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Arrived, Schr. Jno. H. Travers, Frank, Baltimore, mdze., W. D. Colquitt & Co. Schr. Jonas, Sparks, New York, hay, Mark Downey. Sloop M. A. Smith, Stillman, Jersey City, apples, potatoes and cabbage. Steamship Jamestown, Skinner, New York, mdze., and passengers, Ludlam & Watson. Sailed, Schr. Bengal, Hix, New York, mdze., W. D. Colquitt & Co. Schr. Wm. Severe, Brooks, Norfolk, flour, W. D. Colquitt & Co. Schr. Ocean, Aaron, Baltimore, flour, W. D. Colquitt & Co. Schr. Orianna, Thatcher, West Indies, mdze., C. T. Worthim & Co.
obile Oct. 11. --A special dispatch to the Mobile advertiser and Register, of yesterday's date at Pensacola, states that five companies of Mississippians were engaged in the fight on Santa Rosa Island on Wednesday night, under the command of Col. Chalmers, with Captains Benton, McGowen, Peak, and Miller, and Lieutenants Watson, Myckle, Johnson, McGowen, Banks, and Smith. The casualties were three killed, among whom is private W. E. Welbur. Among the wounded are Capt. Benton and privates Stillman and Davis. The Georgia troops suffered severely. Col. Brown treats the wounded prisoners kindly. Latest Intelligence.--The Federals have 22 of our men prisoners, including the wounded. Lieut. Layne is in the enemy's hospital doing tolerably well, and it is hoped that his leg will be saved. Col. Brown, of Fort Pickens, will not respect our hospital, and Dr. Ford will not remove the sick until the hospital is fired into. Sixteen of our dead are now being bro
annexed extract from a Brownsville letter is published in the Austin Gazette, of the 24th ult., The harbor at Brazos is blockaded, and the big gate of the Confederate States closed up. An 1800 ton two-masted propeller, war vessel, stars and stripes flying, is at anchor there watching for prey. No attempt at landing has, as yet, been made, though to-day it has been too rough for any boat to live. There are eight vessels in port, with cargoes from the north, of $75,000, for Woodhouse & Stillman, of articles we need, and in all probability they will be cut out or burned. The port is entirely undefended. There are only the same forces here now as when I last wrote you, and the next thing will be a landing, and you will hear of the taking of Fort Brown, with the command as prisoners of war, and twenty-two pieces of artillery as trophies. A regular Cape Hatteras affair, to be ridiculed in the whole Northern press. The Houston Telegraph, of the 27th ult., says: The Ga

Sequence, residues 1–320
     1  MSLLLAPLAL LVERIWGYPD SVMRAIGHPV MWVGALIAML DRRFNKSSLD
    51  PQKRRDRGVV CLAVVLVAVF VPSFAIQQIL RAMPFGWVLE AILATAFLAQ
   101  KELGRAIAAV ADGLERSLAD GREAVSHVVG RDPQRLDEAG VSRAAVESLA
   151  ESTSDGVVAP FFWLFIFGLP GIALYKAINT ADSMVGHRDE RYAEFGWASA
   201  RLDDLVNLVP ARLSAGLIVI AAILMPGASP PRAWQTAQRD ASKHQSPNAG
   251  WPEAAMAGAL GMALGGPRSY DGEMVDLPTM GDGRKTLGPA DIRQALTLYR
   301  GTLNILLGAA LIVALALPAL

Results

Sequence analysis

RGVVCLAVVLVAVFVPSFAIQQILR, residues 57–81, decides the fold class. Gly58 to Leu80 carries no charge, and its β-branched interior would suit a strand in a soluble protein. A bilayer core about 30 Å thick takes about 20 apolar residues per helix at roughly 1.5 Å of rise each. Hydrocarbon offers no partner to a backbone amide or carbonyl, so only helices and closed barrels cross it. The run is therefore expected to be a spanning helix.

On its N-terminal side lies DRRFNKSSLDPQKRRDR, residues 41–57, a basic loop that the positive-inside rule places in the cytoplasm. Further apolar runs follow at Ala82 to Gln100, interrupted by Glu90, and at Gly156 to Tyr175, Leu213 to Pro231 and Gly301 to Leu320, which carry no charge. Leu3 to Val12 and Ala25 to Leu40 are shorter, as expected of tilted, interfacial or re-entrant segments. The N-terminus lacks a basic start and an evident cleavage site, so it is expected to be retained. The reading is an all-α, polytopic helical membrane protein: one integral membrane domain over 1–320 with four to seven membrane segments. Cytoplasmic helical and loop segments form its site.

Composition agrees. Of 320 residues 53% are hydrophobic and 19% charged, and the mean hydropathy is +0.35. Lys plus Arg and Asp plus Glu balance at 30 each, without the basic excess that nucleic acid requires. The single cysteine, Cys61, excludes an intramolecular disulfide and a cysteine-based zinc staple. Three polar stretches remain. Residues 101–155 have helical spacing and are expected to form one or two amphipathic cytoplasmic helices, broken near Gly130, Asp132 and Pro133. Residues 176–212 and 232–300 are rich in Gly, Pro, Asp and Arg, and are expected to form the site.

ssible to be certain, as several reported missing have been found killed, and others wounded. The 19th Mississippi volunteers lost 31 killed and 150 wounded, out of 521 that went into action in the morning. The 2d Mississippi battalion lost 106 killed and wounded, out of 234 taken into action in the morning. The following is a list of casualties in the Purcell Battery, in the battle of Thursday evening last: Killed--Lieut. Wm. A. Allen; Corporal Murphy, Privates Boyd and Stillman. Wounded--Lieut. H. M. Fitzhugh; Serg't Crow, McGruder, Temple, Ball, Messier; Corporals Eddins, Beck; Privates Beckham, Cheatham, Thos. Berry, Donahoe, Geo. Dockerty, Davis, Daniel, Ege, Flemming, Finnell, Mott, Grigsby, Herring, Holland, Heart, Harrow, Geo. W. Johnston, E. P. Jones, W. T. Flint, James, Kimball, Mitchell, Mahoney, McLeod, Morton, O Brien, F. S. Price, Ritchie, Rose, Sacrey, T. H. Thompson, B. M. Temple, Partington, W. T. Smith, T. T. Yager. This list proves the d
re completed Many wealthy citizens were among those who drew "prizes." On Wednesday and Thursday four hundred and fifteen men were drafted at Hartford. The City Hall was filled by an anxious crowd of persons.--Punctually at 9 o'clock, Captain Stillman made his appearance at the head of the Board of Selectmen, accompanied by clerks with books, and boys with boxes. A large platform at the end of the hall was used for the purpose of holding the selectmen, reporters policemen, and tables upon which the boxes were placed. In these boxes were placed some 3,100 slips of card, each having a number printed on it from number one up. These numbers Mr. Stillman proceeded to say had been carefully examined by the Board of Selectmen. Mr. Europ being over age, no members of his family being to be drafted, and other-wise disinterested, was chosen to draw the numbers from the box. The enrollment lists upon which the names of those liable to draft was arranged alphabetically, and numbered fr
ever do that was a great benefit to his country? There is much said about his talents for war. To be sure he performed several masterly retreats; but what is that an evidence of? Sir, it is that he was a coward. "'General Washington a coward?' screamed one of the opposite orators, in a voice of thunder. 'General Washington a coward? Who so base as dare say it? Look at him at the battle of the Nile; look at him at Waterloo, the Cowpens, on the plains of Marathon, at the Pyramids, at Stillman's defeat, at Bad Age; and, Sir, look at him at the battle of New Orleans!' "'General Washington at the battle of New Orleans?' interrupted another debater, gesticulating violently. 'Mr. Speaker, is there such an ignoramus in the house? ' Sir, any schoolboy knows that the battle of New Orleans was fit before General Washington was born. Let the gentleman read Plutarch's lives, the lives of the Signers of the Declaration of Independence, or let him read Arkwright's History of the Black
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